Realizing My Daughter Is Her Own Person – Kveller
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growing up

Realizing My Daughter Is Her Own Person

Ravi is almost 5 years old. Our little person who surprised her parents six weeks before they thought she was due continues to surprise us. A lover of music, Ravi can recall countless melodies. An endless source of energy, she can stay up late and arise early the next morning ready to play. She’ll play for hours as she reads books, builds, draws and dreams.

However, as Ravi’s imagination and independence grows, so does her defiance.

I imagine that in Ravi’s minds we, her parents, have this God-like power. Poof! Food appears. Dinner is ready. Magic! Here’s ice cream. A new book. Another adventure. But I also know that we have a Pharaoh-like quality too, imposing chores and duties that don’t make sense, yet. Go to bed! No more playing! Enough! Quieter, please! How does this little person hold the dissonance of her parents being loving providers and ruthless disciplinarians?

Of course, we’re not ruthless. But in her mind, when we refuse ice cream no matter the reason it’s as if a tornado has just ravaged our entire home, leaving her family and most prized possessions in utter ruins. The rules aren’t arbitrary—but when we enforce them she still pushes against them with every fiber of her being, always reaching for the cookies even after we put them away.

What I especially appreciate and marvel at is Ravi’s ability to save this part of herself for her parents. Ravi is pleasant, maybe even shy, often delightful with nearly every other person she encounters. Don’t get me wrong, she certainly shares those qualities with us. But at home, she is unleashed. As a young parent, I’ll be the first to admit I’m figuring things out as I go along but in Ravi’s mind, I must have been acting this cruelly for thousands of years. (Parenthood has been around for much longer, kid).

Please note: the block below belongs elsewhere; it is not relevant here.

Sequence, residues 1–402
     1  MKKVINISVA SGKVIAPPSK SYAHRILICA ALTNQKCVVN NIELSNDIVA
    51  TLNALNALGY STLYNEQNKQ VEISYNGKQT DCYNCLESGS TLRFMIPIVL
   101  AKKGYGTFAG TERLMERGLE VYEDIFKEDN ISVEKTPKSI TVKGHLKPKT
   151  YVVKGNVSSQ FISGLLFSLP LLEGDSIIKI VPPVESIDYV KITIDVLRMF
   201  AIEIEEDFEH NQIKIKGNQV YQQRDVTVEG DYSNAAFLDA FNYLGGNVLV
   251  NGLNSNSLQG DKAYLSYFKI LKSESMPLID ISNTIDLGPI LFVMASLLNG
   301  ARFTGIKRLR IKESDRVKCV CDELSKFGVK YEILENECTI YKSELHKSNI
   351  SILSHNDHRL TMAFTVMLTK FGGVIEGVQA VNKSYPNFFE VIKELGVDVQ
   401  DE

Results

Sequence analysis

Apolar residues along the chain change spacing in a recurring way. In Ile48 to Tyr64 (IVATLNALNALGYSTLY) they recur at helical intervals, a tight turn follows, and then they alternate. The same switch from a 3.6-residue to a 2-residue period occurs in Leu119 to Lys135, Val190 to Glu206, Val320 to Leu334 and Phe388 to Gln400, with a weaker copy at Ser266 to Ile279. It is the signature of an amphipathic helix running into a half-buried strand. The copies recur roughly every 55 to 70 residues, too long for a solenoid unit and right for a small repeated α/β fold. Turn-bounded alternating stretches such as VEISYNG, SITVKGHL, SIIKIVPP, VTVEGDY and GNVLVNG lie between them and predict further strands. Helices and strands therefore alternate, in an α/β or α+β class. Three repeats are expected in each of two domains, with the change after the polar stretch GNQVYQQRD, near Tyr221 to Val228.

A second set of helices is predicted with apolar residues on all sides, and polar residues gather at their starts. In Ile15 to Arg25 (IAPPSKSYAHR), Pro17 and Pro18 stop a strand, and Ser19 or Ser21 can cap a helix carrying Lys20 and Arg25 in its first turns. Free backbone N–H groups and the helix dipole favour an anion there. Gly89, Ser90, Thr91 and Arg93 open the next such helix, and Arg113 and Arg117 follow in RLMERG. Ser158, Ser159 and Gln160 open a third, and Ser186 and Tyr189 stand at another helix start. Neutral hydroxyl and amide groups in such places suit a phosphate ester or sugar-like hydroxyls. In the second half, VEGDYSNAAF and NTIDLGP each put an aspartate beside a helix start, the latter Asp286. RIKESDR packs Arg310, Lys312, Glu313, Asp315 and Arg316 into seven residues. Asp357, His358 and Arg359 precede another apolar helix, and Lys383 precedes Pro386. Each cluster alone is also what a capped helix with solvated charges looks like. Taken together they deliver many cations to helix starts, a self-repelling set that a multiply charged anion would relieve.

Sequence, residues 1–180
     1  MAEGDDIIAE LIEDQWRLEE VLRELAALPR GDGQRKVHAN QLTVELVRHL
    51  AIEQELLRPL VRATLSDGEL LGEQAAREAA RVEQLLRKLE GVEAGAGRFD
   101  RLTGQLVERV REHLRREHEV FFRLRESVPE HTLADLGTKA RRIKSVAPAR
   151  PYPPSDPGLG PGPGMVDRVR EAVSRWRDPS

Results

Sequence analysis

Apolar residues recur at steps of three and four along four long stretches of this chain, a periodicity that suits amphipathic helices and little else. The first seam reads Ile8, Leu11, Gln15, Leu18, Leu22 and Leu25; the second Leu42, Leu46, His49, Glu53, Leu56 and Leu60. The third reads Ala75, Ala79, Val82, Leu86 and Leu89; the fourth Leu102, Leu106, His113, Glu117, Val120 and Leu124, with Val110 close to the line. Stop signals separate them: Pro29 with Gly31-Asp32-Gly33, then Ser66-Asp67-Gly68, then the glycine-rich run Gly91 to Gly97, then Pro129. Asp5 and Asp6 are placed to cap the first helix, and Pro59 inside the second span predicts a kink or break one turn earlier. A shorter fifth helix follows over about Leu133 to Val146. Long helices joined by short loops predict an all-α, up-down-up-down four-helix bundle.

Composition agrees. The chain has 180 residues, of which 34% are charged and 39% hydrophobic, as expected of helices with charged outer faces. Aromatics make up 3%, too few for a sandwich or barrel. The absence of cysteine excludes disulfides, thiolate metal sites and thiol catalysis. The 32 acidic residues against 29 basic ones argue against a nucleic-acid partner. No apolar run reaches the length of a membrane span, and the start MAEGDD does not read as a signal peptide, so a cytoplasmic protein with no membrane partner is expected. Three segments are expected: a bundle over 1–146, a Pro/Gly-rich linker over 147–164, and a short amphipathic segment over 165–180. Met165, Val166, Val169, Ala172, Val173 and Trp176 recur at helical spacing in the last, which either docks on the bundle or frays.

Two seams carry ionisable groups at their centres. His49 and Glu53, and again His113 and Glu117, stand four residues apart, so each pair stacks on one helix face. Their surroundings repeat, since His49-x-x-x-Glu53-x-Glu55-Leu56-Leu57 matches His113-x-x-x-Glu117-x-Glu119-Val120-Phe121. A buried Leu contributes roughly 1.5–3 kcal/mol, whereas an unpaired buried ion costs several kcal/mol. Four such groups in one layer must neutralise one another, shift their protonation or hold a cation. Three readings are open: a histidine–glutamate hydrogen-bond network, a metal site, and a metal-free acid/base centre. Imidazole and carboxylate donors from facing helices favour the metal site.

Yesterday I picked up Ravi from school. Her friend Molly also got picked up by her babysitter.

“Let’s take the stairs,” Ravi said.

I obliged.

Molly appeared with her babysitter holding her hand, pushing her towards the elevator.

“Take the stairs with me, Molly,” Ravi says.

“I want to take the stairs,” Molly said to her babysitter but the sitter didn’t hear or care and instead ushered her into the elevator.

Ravi looked at me. Her shoulders rose, her brown little eyebrows lifted, and she said, “Oh well.”

We go downstairs and there are dozens of people milling around. It’s busy. I don’t hold Ravi’s hand, though: she’s used to running along and setting the pace. She pierces through the crowd of many and doesn’t go to the exit where I’d like us to go (so she can get to her music class in time) but instead makes her way to a large glass wall.

She sees Molly there. They need to schmooze.

And in this moment, I remember again that Ravi really is her own, unique, semi-independent little human being. Yes, she’s been provided with structure and order all day in school—but she can choose to play with different table-top activities. She can choose with whom to play. When the bell strikes, the caretakers return and then what? I’d like to think that we provide Ravi with enough freedom to explore within rules, but I can imagine she feels like we are pushing at her autonomy, too.

Slowly, Molly gets ushered out and I too shepherd Ravi outside. I hold her hand and squeeze it gently.

I love this little person more than words can describe.  And it occurs to me that she and I have a similar type of balancing to do, a similar careful dance.

Just as I hope Ravi will appreciate that we love her despite and even because of the rules we enforce—I also hope I can learn to balance wanting to provide her with support, routine and structure while honoring her growth, choices and directions.

I’ll probably mess up, Ravi, and I hope you’ll forgive me. In the meanwhile, keep being your beautiful self: defiant, delightful, inquisitive, pleasant and passionate.

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